Activist Lawyer Held

Police in Vietnam have arrested a prominent rights lawyer who recently sued the prime minister.

Share on WhatsApp
Share on WhatsApp
cu-huy-ha-vu305.jpg Cu Huy Ha Vu in an undated photo.
Vietnamese authorities have arrested and searched the home of a prominent rights lawyer who had recently sued the country’s prime minster, according to the man’s uncle.

Cu Huy Ha Vu, the Hanoi-based son of a famous Vietnamese poet and late minister of agriculture, was picked up by police in southern Vietnam on Nov. 5 and accused of soliciting a prostitute, Cu Huy Chu said in a telephone interview.

He said the charge could be a government ploy to silence his nephew.

Last month, Cu Huy Ha Vu sued Prime Minister Nguyen Tan Dung over a decree that banned groups from filing petitions and complaints with the government.

“Just this morning I received a phone call from Cu Huy Ha Vu’s wife Duong Ha in Hanoi. She reported that during the last phone call she had made to Cu Huy Ha Vu, he said that he was in trouble and had just been arrested by the authorities in the sixth district of Ho Chi Minh City,” the uncle said.

He said he immediately went to the police station on behalf of Cu Huy Ha Vu's family. He was received by two high-level officials.

“The mood seemed quite friendly. The head of the station, a lieutenant colonel whose name I can’t remember, was there, as well as a second official who is the head of the sixth district,” he said.

“The two officials said Cu Huy Ha Vu was accused of having relations with a prostitute. They said police found him and a 30-year-old woman, known as Quynh, in a room at a hotel near the police station at midnight the previous evening. Quynh is also a resident of the sixth district.”

Cu Huy Chu, a former professor at the Ho Chi Minh Political Academy, said police interrogated his nephew and the woman at the hotel room, “but found no evidence of sexual relations between the two or of prostitution.”

Afterward, he said, the police drove Cu Huy Ha Vu and Quynh to the police station.

“At the police station my nephew again proclaimed that there had been no sexual relations between the two of them.”

Soliciting a prostitute is considered a minor offense in Vietnam. Offenders are usually fined.

Police station

Cu Huy Chu said police also wanted to search his nephew's laptop and cell phone but that he refused.

“The police went ahead and confiscated the items anyway,” he said.

Just before that, they allowed Cu Huy Ha Vu to call his uncle from the upstairs interrogation room where he was held in order to explain what was happening to him.

“He asked me to join him there, but the officers would not allow this.”

Cu Huy Chu said he waited for more than an hour with no news.

“That was the last time I was in contact with him.”

Cu Huy Chu said that just before he left the police station, he tried once again to meet with the high-level officials who had greeted him upon his arrival.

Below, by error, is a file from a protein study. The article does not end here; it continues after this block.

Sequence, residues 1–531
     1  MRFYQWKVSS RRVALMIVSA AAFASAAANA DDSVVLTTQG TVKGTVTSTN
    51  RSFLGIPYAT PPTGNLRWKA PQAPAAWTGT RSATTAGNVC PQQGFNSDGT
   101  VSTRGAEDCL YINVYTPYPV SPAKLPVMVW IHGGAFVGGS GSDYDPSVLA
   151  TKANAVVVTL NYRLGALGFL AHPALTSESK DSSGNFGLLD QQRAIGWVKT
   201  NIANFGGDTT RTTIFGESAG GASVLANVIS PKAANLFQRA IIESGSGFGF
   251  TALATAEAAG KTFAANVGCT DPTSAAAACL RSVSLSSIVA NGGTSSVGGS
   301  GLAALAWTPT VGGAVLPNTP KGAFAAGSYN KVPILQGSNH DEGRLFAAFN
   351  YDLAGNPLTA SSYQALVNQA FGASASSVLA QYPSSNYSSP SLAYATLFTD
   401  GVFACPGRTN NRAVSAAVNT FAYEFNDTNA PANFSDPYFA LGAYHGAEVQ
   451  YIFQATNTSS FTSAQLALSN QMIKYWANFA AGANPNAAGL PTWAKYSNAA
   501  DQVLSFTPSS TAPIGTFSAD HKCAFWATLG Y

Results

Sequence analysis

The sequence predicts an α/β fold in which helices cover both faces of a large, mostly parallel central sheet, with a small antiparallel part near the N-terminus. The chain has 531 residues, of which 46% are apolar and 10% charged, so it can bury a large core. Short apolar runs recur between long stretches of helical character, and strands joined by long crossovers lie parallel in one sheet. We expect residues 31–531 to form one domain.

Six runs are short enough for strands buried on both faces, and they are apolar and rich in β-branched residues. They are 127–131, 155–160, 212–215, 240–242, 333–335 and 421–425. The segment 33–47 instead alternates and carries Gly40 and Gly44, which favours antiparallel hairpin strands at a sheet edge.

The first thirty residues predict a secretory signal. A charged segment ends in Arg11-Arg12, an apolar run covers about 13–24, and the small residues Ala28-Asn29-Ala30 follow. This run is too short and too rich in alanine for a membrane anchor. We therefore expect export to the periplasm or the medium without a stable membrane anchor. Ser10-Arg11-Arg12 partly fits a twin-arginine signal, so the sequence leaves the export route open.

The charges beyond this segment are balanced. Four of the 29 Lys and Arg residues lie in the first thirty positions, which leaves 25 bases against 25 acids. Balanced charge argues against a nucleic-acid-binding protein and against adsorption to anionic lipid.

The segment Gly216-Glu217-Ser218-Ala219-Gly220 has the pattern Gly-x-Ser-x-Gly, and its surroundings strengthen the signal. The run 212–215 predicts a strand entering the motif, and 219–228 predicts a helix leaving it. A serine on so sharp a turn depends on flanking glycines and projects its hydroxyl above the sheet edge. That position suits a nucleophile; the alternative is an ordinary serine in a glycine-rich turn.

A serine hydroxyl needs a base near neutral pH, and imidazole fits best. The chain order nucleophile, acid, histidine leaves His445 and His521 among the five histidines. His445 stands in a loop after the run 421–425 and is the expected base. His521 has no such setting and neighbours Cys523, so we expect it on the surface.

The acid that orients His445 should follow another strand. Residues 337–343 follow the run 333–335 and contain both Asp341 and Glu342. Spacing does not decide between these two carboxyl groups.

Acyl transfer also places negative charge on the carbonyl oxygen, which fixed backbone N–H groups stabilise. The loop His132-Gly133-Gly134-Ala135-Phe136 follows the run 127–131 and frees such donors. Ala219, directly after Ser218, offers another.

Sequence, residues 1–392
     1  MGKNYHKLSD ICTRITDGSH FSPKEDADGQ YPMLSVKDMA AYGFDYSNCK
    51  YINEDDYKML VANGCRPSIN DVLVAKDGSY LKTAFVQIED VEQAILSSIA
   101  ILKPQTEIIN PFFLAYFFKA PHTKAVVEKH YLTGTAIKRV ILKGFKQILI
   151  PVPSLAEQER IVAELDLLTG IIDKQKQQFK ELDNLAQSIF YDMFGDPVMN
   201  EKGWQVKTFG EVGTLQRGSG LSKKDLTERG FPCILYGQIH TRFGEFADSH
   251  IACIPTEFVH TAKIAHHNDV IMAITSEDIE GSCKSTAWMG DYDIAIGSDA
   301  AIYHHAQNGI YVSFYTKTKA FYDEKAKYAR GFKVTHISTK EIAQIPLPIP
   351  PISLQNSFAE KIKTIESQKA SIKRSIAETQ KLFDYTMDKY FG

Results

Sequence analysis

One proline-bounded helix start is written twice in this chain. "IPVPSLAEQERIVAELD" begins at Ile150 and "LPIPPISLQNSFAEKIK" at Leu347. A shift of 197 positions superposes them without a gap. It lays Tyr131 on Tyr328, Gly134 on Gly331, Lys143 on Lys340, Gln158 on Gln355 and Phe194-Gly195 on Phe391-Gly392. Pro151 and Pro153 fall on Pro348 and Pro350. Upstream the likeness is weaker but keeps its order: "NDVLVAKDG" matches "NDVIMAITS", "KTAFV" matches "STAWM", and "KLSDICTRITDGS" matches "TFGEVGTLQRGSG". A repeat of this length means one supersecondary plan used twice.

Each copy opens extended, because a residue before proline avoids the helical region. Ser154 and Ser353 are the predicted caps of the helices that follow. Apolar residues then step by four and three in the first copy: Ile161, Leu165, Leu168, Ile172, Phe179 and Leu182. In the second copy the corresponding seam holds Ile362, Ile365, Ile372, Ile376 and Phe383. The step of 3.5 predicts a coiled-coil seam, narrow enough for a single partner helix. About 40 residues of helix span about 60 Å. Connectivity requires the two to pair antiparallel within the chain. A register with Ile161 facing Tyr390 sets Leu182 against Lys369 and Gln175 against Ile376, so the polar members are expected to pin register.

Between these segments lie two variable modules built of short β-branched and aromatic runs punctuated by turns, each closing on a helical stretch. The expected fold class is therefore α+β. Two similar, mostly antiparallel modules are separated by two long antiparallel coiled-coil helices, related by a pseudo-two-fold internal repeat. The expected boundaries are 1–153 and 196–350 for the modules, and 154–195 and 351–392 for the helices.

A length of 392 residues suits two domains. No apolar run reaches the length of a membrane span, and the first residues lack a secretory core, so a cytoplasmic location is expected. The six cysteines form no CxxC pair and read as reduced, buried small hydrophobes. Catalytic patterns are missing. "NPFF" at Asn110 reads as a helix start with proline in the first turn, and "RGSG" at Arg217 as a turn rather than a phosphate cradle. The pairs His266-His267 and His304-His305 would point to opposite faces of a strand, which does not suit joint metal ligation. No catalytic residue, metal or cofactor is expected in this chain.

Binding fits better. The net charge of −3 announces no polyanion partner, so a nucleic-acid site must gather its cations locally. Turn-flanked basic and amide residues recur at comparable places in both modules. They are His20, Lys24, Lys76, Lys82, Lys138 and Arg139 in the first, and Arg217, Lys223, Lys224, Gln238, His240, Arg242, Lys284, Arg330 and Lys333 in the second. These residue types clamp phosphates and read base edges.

“I asked whether the police had a warrant or any official documents ordering Cu Huy Ha Vu’s arrest. They said that they didn’t have anything,” he said.

They told him to return home and that they would contact him with any new developments.

“At around 6 p.m., the police called ... They told me that Cu Huy Ha Vu and Quynh had been officially arrested and sent to the Public Security Ministry for further interrogation.”

Calls to the Ho Chi Minh City sixth district police station to confirm the arrest went unanswered.

House search

Cu Huy Chu said that soon after, he received more bad news.

“Duong Ha called me and said that police had come to their home in Hanoi and were searching the place. She said that she had been out and had received a call on her cell phone from the local authorities informing her that they were about to enter and search her house,” he said.

“When she returned home, the door was wide open and dozens of police officers had already entered her home and were searching it.”

Cu Huy Chu said that while he spoke with Duong Ha, the police continued to search the house, which they had begun nearly three hours earlier.

“According to my niece-in-law, all of the books written by [Cu Huy Ha Vu’s late father] Cu Huy Can and his friend Xuan Dieu had been tossed to the floor. She said that the place was in shambles.”

Cu Huy Can was a close friend of the late communist leader Ho Chi Minh and the first agriculture minister of independent Vietnam. Xuan Dieu, Cu Huy Ha Vu’s late uncle on his mother’s side, is one of Vietnam’s most renowned poets.

Prominent activist

Cu Huy Ha Vu sued Prime Minster Dung last month in a bid to overturn a 2006 decree that prevents petitioners from filing their grievances with the Vietnamese authorities.

Dung issued the decree after hundreds of activists signed a political petition known as the 8406 Manifesto, calling for democratic reform in the one-party, Communist nation.

Cu Huy Ha Vu had said the decree violates an article of Vietnam’s constitution which grants citizens “the right to gather, form groups and protest in conformity with the law.”

He had also sued the prime minister in 2009 in the hopes of reversing the licenses granted to Chinese-run mining companies exploring Vietnam’s Central Highlands for bauxite deposits.

He said the projects broke laws on environmental protection, national security, and cultural heritage.

That suit was dismissed by court officials who said they did not have the authority to try the prime minister.

Reported by Thao Dao for RFA’s Vietnamese service. Translated by Thao Dao. Written in English by Joshua Lipes.

Add your comment by filling out the form below in plain text. Comments are approved by a moderator and can be edited in accordance with RFAs Terms of Use. Comments will not appear in real time. RFA is not responsible for the content of the postings. Please, be respectful of others' point of view and stick to the facts.